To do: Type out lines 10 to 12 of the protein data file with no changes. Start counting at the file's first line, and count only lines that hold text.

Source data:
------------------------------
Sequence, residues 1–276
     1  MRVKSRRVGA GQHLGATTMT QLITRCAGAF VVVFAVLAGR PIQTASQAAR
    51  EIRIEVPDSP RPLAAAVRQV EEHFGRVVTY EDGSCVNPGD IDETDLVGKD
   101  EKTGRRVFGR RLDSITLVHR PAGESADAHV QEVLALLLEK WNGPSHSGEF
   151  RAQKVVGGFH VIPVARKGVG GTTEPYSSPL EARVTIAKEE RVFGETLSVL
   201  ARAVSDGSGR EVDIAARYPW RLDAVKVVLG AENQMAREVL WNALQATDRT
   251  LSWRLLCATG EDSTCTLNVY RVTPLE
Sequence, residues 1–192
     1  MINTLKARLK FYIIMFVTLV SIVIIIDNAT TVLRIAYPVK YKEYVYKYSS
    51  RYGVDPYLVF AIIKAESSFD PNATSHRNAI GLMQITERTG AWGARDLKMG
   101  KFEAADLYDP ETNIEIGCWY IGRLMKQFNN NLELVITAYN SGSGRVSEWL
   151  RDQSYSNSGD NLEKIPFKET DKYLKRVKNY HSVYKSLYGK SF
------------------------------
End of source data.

    51  RYGVDPYLVF AIIKAESSFD PNATSHRNAI GLMQITERTG AWGARDLKMG
   101  KFEAADLYDP ETNIEIGCWY IGRLMKQFNN NLELVITAYN SGSGRVSEWL
   151  RDQSYSNSGD NLEKIPFKET DKYLKRVKNY HSVYKSLYGK SF